Tuesday September 21, 2021

Education: a strategic imperative

August 03, 2021

To say education is important is an understatement. Historically, enlightened education has been one of the constants of every successful civilization.

From the Athenian and Roman civilizations to the Muslim and modern Western civilizations, there is not a single exception that progressed without an enlightened education.

Pakistan is certainly not an outlier to this either. To have lasting sustainable growth in Pakistan, the need for modern and equipped education is an inescapable conclusion from history.

Currently, the education system in Pakistan is a tale of unfulfilled expectations and regressive growth. After the 18th Amendment, Article 25-A ensures the right of free basic education for every Pakistani citizen in the age bracket of 5-16. However, when there are 22.8 million (44 percent of that age bracket – second highest in the world) instances of violation to this article each day, who will intervene to prevent this? Rhetorically, do provinces have the capacity to fill such a huge gap in policy commitment and actual implementation?

The challenges in the education sector in Pakistan are quite multifaceted. Even within the current capacity of budgetary allocation and infrastructure, the problems in this sector are deep-rooted. First, the divisive, highly regulated and agenda-based curriculum is destroying the innovative capability of students rather than nurturing it. Recently, the invitation to religious clerics by the government to regulate the contents in biology textbooks certainly shows regressive scientific growth.

Moreover, the wish to preserve the past (by glorifying warriors) rather than a hope to ensure a bright future dominates the minds of our educators. In the words of Bertrand Russell, such a curriculum endeavors to form habits and circumscribe knowledge in such a way as to make one set of opinions inevitable. Pervasive intolerance, impatience, and jingoism in Pakistan are the inevitable results of having such a curriculum.

Second, based on transmission rather than transformation, the pedagogical standards are quite outdated and detrimental, thereby making schools houses of detention, not attention. Unfortunately, some of our schools even lack walls to support blackboards, while the world has now shifted to smart boards and 3D demonstrations in classes.

Third, the worm-eaten and outdated system of recall-based assessment is still prevalent. Such a system hinders the growth of critical analysis among students, a trait that Will Durant rated as the ultimate desirable goal of education. No wonder this system generates a highly susceptible and agreeable generation that lacks basic curiosity, the cornerstone of creativity and innovation.

Above all, as recently highlighted by Moeed Yousaf, there are three parallel and largely disconnected education systems: public and non-elite schools, elite private schools, and religious seminaries, engaging 67 percent, 28.7 percent and 4.3 percent of the total student body, respectively. Consequently, such divergent outlooks, with hugely disparate future inspirations among these three cohorts, make it virtually impossible to forge a consensus on any issue of national or international importance. They say education is a greater equalizer, which apparently does not seem to be the case.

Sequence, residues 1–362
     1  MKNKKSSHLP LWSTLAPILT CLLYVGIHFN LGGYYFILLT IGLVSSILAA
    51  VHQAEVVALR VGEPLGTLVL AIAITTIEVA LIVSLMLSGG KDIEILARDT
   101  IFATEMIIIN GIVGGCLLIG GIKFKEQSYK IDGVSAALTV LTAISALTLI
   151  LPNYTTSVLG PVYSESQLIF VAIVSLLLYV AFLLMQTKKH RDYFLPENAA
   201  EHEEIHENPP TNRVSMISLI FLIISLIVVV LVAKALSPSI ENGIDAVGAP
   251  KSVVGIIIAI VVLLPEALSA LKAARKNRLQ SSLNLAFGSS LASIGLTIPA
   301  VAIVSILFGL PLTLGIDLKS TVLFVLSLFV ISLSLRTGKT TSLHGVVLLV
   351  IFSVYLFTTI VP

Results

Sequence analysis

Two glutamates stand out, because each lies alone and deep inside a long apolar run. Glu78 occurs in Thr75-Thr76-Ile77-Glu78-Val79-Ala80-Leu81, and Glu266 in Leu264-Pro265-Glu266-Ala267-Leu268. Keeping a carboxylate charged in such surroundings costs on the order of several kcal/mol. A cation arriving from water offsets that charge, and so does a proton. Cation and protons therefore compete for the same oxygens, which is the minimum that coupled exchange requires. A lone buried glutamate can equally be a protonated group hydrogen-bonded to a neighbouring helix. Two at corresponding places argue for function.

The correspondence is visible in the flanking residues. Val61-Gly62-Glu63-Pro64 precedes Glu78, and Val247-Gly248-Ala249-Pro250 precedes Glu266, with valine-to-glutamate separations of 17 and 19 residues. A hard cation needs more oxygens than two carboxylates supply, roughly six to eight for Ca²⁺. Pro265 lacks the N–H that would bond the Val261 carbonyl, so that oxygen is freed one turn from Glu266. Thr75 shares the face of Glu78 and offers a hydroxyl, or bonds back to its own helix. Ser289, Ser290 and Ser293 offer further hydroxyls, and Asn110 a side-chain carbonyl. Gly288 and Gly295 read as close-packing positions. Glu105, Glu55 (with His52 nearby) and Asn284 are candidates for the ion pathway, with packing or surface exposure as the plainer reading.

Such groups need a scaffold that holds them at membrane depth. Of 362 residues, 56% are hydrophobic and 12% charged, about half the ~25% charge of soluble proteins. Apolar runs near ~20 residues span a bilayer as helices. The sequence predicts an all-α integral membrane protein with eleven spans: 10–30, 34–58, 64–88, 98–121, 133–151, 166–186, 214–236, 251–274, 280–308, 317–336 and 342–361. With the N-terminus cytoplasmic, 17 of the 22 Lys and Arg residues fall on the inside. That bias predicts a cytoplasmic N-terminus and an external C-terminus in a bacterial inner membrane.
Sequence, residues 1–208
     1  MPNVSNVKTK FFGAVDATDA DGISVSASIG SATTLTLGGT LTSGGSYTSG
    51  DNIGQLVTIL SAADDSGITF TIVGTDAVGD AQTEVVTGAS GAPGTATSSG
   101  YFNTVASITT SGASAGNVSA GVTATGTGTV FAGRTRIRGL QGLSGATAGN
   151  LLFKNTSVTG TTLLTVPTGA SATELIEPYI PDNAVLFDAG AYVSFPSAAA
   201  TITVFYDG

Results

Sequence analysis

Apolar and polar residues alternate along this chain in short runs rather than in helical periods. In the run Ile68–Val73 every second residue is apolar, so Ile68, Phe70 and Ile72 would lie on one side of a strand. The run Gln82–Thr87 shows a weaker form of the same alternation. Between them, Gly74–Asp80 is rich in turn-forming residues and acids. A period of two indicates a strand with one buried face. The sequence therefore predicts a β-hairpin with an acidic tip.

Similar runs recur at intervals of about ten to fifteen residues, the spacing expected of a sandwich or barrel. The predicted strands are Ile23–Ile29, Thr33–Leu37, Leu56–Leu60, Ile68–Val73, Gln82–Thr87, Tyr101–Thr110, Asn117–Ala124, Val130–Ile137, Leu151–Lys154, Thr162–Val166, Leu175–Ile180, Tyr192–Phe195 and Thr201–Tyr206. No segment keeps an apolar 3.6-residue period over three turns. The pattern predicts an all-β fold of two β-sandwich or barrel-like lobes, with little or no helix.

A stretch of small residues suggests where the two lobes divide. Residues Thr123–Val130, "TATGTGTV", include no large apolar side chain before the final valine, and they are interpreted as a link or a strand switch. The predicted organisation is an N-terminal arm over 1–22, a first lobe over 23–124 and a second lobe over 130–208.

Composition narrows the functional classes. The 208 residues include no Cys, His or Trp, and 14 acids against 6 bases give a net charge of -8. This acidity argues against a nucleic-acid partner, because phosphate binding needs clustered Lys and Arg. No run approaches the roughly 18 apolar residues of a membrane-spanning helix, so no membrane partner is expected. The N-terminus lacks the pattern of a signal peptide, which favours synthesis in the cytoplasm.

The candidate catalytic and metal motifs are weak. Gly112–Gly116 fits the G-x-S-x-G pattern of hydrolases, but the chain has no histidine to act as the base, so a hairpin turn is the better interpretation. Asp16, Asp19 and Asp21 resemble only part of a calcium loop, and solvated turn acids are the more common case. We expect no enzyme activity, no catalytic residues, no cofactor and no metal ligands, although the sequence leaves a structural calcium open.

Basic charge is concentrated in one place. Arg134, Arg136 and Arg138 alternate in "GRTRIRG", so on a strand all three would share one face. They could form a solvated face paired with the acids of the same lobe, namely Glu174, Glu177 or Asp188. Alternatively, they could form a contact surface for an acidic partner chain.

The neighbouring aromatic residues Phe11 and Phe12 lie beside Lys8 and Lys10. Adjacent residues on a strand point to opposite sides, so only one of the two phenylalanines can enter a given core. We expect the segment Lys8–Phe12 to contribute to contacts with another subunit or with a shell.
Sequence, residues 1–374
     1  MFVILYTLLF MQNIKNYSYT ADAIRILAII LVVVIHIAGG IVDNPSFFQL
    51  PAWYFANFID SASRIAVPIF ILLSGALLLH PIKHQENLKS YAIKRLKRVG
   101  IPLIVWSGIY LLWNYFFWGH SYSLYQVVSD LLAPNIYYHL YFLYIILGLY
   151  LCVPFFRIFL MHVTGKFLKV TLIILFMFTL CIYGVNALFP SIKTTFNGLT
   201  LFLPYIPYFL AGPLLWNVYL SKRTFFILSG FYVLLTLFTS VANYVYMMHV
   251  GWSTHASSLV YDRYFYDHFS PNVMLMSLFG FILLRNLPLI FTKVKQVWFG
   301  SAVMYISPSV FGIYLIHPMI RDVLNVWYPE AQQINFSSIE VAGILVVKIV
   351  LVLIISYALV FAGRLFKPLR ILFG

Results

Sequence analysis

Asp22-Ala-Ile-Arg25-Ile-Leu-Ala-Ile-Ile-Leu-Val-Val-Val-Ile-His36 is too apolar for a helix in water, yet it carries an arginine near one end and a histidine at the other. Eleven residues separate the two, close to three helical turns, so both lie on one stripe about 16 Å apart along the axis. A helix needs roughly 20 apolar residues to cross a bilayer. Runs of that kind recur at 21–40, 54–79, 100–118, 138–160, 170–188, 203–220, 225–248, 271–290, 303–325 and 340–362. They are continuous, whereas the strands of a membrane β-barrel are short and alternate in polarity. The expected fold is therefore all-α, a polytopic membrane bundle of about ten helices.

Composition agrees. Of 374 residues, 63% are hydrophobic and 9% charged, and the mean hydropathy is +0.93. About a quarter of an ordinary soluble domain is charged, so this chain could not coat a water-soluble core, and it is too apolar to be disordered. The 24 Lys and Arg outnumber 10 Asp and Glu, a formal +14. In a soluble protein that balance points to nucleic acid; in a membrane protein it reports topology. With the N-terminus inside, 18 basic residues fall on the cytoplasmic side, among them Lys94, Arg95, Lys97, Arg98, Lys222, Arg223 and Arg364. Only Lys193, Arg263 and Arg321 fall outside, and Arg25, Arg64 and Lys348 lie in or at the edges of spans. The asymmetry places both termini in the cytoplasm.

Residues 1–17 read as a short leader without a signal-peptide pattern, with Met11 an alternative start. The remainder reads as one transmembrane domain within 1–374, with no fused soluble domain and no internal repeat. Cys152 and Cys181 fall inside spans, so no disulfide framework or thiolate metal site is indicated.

Lastly, political instability and lack of national consensus on educational policies in Pakistan have caused the sector to be the victim of short-termism and isomorphic mimicry (choosing ‘form’ over actual functional performance) just to win the game of having more inauguration stone boards.

Since the challenges are multipronged, the solutions need to be overarching. Even after the 18th Amendment, the federation should still act as a co-guarantor of equitable education across provinces. A federal-level policy framework should be devised to incentivize provinces through a premium on the NFC Award, conditioned on educational achievements. Such an approach can help the federal government alleviate the disparities across genders, rural-urban differences, and provincial gaps in education access.

Secondly, a holistic intervention is required to change curriculum, pedagogy, and assessment methodologies simultaneously. Just like the National Action Plan, political and non-political institutions should have a national consensus on educational policies; applicable across governments.

Thirdly, to ensure maximum enrolment in primary and secondary classes, each province should devise incentivization plans. One such possibility is a conditional cash transfer programme. Various countries like Mexico, Colombia, and Brazil have already successfully tested such a programme.

In the context of Pakistan, such an initiative can be incorporated with already running projects like the ‘Ehsaas’ programme with an established database.

Lastly, Pakistan needs to see the immediate future as an emergency-based corrective phase to bridge the gap between the theoretical policy framework and actual implementation. A laser-focused national effort is required to revamp this worm-eaten education system to achieve a unified, coherent, and integrated national education policy.

Currently, the education system is creating more problems than providing solutions for marginalization, deprivation, and radicalization among the youth. And being a country with such a huge youth bulge is virtually a survival threat for Pakistan.

In essence, educational advancement should be treated as a strategic imperative rather than just an optional development priority. Asia is in the midst of geographical transition and now steadily recovering from Covid-19; investment in education and human capital is the only chance for Pakistan to rise like a phoenix from the ashes.

The writer is a LUMS alumnus, an independent writer, artist and a social worker.

Email: [email protected]